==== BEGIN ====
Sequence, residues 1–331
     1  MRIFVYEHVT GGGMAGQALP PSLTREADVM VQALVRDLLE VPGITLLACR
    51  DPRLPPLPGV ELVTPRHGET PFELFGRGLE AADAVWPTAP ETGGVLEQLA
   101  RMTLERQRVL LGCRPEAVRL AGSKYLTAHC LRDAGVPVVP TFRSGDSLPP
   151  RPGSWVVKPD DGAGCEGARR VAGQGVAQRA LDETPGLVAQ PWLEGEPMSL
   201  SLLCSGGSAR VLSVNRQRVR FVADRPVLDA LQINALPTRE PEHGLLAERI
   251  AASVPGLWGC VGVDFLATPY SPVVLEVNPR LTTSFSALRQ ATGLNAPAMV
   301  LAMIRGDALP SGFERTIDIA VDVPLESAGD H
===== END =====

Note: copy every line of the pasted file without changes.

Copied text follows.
Sequence, residues 1–331
     1  MRIFVYEHVT GGGMAGQALP PSLTREADVM VQALVRDLLE VPGITLLACR
    51  DPRLPPLPGV ELVTPRHGET PFELFGRGLE AADAVWPTAP ETGGVLEQLA
   101  RMTLERQRVL LGCRPEAVRL AGSKYLTAHC LRDAGVPVVP TFRSGDSLPP
   151  RPGSWVVKPD DGAGCEGARR VAGQGVAQRA LDETPGLVAQ PWLEGEPMSL
   201  SLLCSGGSAR VLSVNRQRVR FVADRPVLDA LQINALPTRE PEHGLLAERI
   251  AASVPGLWGC VGVDFLATPY SPVVLEVNPR LTTSFSALRQ ATGLNAPAMV
   301  LAMIRGDALP SGFERTIDIA VDVPLESAGD H